As 2017 has rolled on, I’ve slowly come around to the bull case for International Business Machines Corp. (NYSE:IBM). The IBM stock price has slowly, but steadily come down, dropping over 8% so far this year, but the IBM news hasn’t been particularly bad.
In fact, on occasion, the news has been downright good. A third-quarter earnings beat sent IBM stock higher, as investors saw enough to project that a 22-quarter streak of declining revenue might be coming to an end. As the stock was giving back those gains two weeks ago, I argued IBM looked intriguing, if only because the downside to the stock seemed reasonably limited.
On further review, however, I think there’s enough to consider IBM an outright buy — even with the IBM stock price having moved up a few points since then.
IBM has its challenges, and IBM stock has its risks, but there’s enough here to believe that the recent bounce in the stock price should last quite a bit longer.
The IBM Stock Price Is Cheap
Simply being “cheap” isn’t enough to turn bullish on a stock, as I argued this summer in highlighting 10 ‘value traps’ to avoid. But it does help that the IBM stock price remains rather cheap from a valuation standpoint.
Based on 2017 earnings-per-share guidance of “at least” $13.80, IBM stock trades right at 11 times earnings — and at a similar multiple to free cash flow. It’s a multiple that suggests a modest decline in the performance of the business going forward.
Looking backward, that multiple makes some sense. In 2016, adjusted net income declined 11% year-over-year. In 2015, the figure dropped 12%. 2017 guidance suggests a modest increase in EPS of about 2%, but net income likely will again drop modestly, as EPS is benefiting from share repurchases.
The ~11 multiple shows that investor expectations are low. And recent history shows why those expectations are low. This has been a declining business for some time on both the top and bottom lines. But what’s helpful for IBM stock going forward is that a downward performance trend looks roughly priced in. In other words, this isn’t a stock pricing in a turnaround. And that means that if a turnaround happens, the IBM stock price will have plenty of upside, thanks to the combination of earnings growth and multiple expansion.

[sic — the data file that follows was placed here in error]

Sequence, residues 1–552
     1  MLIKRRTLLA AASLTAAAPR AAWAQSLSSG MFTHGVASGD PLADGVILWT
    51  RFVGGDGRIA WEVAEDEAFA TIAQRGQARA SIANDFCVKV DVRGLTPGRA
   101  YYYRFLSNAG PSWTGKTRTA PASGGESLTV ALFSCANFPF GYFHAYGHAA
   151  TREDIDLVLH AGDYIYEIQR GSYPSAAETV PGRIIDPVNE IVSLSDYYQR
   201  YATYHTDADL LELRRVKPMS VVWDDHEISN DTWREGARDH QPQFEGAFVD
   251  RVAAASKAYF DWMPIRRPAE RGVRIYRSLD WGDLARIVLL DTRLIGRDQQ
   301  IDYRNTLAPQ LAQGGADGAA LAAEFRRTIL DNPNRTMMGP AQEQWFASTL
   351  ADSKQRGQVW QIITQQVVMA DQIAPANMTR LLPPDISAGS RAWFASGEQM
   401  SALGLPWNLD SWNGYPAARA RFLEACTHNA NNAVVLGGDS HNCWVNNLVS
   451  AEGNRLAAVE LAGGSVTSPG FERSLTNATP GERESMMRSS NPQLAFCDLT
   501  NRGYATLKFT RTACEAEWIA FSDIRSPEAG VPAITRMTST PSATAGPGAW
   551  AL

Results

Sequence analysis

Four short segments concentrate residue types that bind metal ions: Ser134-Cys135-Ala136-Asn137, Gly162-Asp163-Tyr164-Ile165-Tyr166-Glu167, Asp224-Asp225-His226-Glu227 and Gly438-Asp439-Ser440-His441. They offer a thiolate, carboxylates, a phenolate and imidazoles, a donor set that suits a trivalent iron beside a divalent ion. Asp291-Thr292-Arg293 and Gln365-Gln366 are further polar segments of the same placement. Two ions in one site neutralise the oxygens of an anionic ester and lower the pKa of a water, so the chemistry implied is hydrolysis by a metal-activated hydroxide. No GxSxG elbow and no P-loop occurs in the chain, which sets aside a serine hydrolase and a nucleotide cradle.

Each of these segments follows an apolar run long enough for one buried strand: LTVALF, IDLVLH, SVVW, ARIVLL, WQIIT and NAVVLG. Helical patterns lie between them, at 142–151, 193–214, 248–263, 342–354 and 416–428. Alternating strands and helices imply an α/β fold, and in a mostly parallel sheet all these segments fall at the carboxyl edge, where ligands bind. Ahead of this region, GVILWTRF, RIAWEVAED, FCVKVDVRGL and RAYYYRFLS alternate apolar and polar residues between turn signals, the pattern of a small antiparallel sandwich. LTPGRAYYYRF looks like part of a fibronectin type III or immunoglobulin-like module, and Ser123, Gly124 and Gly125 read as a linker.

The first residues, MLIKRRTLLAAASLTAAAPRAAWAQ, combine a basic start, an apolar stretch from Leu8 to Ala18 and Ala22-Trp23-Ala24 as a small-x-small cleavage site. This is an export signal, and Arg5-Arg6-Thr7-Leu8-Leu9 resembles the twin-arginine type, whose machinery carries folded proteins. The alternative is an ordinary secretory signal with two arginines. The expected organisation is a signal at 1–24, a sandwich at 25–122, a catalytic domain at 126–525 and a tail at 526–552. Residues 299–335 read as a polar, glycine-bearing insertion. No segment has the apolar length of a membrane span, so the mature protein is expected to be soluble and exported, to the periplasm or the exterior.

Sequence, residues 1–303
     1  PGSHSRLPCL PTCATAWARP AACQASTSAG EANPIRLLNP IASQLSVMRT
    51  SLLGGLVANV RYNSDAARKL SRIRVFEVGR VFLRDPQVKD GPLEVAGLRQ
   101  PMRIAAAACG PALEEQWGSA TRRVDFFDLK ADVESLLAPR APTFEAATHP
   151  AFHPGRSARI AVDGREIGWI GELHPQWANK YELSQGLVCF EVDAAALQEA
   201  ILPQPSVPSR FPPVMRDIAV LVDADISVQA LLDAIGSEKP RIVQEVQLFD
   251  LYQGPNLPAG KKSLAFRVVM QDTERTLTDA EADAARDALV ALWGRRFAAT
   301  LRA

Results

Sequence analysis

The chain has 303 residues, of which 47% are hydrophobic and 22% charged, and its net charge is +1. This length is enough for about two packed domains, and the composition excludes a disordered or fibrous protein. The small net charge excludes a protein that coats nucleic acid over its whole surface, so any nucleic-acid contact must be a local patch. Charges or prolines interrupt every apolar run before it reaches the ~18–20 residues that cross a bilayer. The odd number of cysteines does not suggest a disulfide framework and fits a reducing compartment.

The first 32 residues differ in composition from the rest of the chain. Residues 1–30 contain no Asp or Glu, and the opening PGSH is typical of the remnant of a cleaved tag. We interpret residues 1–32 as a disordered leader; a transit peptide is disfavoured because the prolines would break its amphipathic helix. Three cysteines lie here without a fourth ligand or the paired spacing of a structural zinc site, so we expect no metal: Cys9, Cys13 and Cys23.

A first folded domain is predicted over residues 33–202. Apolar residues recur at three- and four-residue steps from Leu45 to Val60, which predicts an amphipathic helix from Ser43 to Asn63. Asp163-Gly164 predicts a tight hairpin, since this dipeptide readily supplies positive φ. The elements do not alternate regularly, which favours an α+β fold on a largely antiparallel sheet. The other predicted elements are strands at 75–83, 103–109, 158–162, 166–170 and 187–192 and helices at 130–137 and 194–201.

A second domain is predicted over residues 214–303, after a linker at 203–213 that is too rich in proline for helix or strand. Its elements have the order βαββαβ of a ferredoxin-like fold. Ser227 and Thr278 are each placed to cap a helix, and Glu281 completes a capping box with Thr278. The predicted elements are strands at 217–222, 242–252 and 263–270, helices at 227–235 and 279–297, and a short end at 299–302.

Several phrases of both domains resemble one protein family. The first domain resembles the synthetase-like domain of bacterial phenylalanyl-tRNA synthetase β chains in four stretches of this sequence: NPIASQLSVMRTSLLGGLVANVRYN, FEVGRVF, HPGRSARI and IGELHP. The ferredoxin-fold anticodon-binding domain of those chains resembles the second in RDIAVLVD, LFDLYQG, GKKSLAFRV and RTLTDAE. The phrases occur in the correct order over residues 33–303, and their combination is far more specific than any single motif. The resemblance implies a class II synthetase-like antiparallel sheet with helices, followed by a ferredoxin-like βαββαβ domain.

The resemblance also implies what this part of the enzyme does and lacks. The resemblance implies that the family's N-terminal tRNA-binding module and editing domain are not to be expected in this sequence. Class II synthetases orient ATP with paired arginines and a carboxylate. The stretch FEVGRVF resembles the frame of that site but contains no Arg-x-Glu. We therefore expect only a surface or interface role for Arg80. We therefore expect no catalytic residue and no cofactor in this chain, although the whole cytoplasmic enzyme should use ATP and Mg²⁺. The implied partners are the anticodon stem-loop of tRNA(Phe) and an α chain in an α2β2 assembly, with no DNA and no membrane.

IBM News Is Getting Better
By no means is an IBM turnaround guaranteed. Still, there are signs that the company at the least can return to revenue growth — a necessary first step in that process.
On this site earlier this month, John Kilhefner cited IBM stock as one of eight set to benefit from bitcoin and blockchain adoption. “Strategic imperative” revenue is moving toward half of total sales — and growing by double digits.
IBM has some areas of weakness, to be sure, but it has growth opportunities in cloud, IoT (Internet of Things), and artificial intelligence as well. For 2018, analysts at the moment are expecting just a 0.1% decline in revenue YOY. IBM is knocking on the door of finally providing some growth once again.
And, in the near-term, there’s a potentially underappreciated driver for both sales and margins. IBM’s mainframe business has been left for dead, but on the company’s Q3 conference call, management spoke optimistically of a new upgrade cycle in that category. The storage business overall has been tough for years, thanks to plunging pricing driven by flash options, and that weakness has hit IBM particularly hard.
But there’s room for a rebound there, at least in the near-term. Strength in that category is just one reason why IBM may be ready for a solid 2018.
A Good 2018 for IBM Stock?
Last week, InvestorPlace market strategist Anthony Mirhaydari highlighted IBM stock as one of 5 blue-chips to buy for December from a technical standpoint. And there’s an interesting near-term case for upside in IBM.
For one, though the stock filled the gap downward after its post-earnings pop, it’s rebounded quickly after dipping below $150. There’s still a case here that a “good enough” performance will help support to hold at a 4% yield. That support level would be $150, just below the current price, and it should move higher when the next dividend increase is announced in April.
A dividend alone can’t support a stock, as owners of companies like General Electric Company (NYSE:GE) and AT&T Inc. (NYSE:T) have learned of late, but it can help if performance simply stays good enough.
There’s also a case that IBM stock is due for some buying. It’s true that Warren Buffett’s Berkshire Hathaway Inc. (NYSE:BRK.A, NYSE:BRK.B) cut its stake in IBM earlier this month, but Berkshire traditionally hasn’t been the best tech investor and, in the near-term at least, it appears to have sold at or near the bottom.
Meanwhile, IBM is one of the last cheap big-tech plays out there. Intel Corporation (NASDAQ:INTC) finally has taken off. Microsoft Corporation (NASDAQ:MSFT) has shed its low-growth ways and, as a result, its low earnings multiple. And for investors who believe in the long-successful “Dogs of the Dow” strategy, IBM most likely will be on the list for 2018.
IBM Is a Buy
Again, I’m not necessarily convinced IBM is the next INTC or MSFT — or that its attempted turnaround will be a smashing success. But at current prices, it doesn’t have to be.
With some potential good news in the near term, I do think, at the least, 2018 will be a better year for the IBM stock price than was 2017.
And that’s enough to consider buying IBM stock now.
As of this writing, Vince Martin has no positions in any securities mentioned.